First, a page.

You likely have seen the news that China is no longer accepting material the U.S. sends for recycling. If you’re like me, your reaction was, What? We’re burning fossil fuels to ship our waste to the Far East? China’s reasons that most of what we sent was adulterated with garbage and could not be recycled.
If you’re thinking, okay, we’ll just recycle it at home, you’d be right, partly. There has been some investment in paper and plastic production from used materials. The news is mostly not good, though.
RePlanet, the largest operator of recycling redemption centers in California has shut down its business, laying off 750 employees. Since 2015, almost a thousand beverage container redemption locations have closed in the state. Good luck getting your bottle and can deposit back. Unlike Oregon, California does not require retailers to take back and refund the deposits they collect for products they sell.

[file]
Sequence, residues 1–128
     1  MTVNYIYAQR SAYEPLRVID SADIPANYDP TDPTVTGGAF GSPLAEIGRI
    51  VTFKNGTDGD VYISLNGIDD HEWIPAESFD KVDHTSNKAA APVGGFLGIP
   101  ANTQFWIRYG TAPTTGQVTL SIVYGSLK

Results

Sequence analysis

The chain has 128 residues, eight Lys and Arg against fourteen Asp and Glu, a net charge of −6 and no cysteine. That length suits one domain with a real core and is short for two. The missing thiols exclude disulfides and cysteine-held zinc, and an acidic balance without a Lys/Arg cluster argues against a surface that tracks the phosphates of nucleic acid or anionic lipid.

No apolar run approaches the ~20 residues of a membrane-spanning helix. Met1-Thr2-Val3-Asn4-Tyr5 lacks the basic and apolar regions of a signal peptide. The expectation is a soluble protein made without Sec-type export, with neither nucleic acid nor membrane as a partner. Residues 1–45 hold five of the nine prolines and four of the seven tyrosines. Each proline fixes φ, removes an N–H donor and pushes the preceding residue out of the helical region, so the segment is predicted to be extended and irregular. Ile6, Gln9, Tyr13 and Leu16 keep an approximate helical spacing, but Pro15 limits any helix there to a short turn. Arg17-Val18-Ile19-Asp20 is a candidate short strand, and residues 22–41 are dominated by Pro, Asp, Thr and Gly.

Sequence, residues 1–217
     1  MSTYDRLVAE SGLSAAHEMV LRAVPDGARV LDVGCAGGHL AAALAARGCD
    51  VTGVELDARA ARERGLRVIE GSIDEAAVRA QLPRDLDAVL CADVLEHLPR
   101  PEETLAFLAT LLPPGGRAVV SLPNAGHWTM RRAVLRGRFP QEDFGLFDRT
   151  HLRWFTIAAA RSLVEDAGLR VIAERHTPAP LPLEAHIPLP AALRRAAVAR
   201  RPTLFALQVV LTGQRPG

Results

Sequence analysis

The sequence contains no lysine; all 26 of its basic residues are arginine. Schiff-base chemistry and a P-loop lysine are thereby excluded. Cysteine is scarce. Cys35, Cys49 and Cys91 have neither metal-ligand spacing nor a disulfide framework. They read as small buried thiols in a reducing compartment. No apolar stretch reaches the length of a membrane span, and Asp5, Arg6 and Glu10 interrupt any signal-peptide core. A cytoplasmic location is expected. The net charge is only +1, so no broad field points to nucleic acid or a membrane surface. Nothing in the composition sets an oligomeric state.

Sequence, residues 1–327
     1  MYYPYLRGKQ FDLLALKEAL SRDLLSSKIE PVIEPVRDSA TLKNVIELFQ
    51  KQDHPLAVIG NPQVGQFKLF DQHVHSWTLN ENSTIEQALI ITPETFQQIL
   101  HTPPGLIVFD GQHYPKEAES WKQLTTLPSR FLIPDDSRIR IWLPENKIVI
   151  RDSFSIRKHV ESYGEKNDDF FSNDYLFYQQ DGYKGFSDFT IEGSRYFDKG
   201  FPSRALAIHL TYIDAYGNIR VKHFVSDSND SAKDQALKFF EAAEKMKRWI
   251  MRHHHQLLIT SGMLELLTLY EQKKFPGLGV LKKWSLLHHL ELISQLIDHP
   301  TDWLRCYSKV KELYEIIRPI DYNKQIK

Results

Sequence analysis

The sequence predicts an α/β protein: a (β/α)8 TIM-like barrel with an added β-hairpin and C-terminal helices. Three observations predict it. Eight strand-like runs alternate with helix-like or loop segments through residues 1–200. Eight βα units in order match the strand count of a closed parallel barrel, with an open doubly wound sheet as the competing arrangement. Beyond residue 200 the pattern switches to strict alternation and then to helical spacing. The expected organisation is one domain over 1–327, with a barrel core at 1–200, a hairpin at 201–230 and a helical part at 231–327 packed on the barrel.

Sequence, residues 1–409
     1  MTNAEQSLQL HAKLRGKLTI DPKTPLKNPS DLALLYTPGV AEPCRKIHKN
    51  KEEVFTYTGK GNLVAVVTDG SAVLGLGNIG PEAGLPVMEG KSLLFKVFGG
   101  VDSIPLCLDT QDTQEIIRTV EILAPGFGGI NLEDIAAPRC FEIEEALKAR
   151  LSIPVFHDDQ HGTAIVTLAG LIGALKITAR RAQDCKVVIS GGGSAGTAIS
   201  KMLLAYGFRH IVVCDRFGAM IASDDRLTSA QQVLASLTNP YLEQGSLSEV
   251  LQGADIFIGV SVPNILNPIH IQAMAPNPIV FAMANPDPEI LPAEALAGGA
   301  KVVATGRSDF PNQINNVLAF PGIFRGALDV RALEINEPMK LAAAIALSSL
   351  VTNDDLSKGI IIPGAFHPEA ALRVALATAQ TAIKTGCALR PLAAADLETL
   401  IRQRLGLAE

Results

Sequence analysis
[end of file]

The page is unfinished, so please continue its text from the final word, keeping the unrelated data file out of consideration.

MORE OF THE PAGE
If you’re old enough, you may remember refilling soda and beer bottles was the norm. You paid a deposit, returned the empties to the store, your deposit was refunded and the bottles sent back to the brewery or bottling plant to be washed and refilled.
Old Coca-Cola bottles had its original location etched on the bottom. You could see how far the bottle had traveled since it was first filled.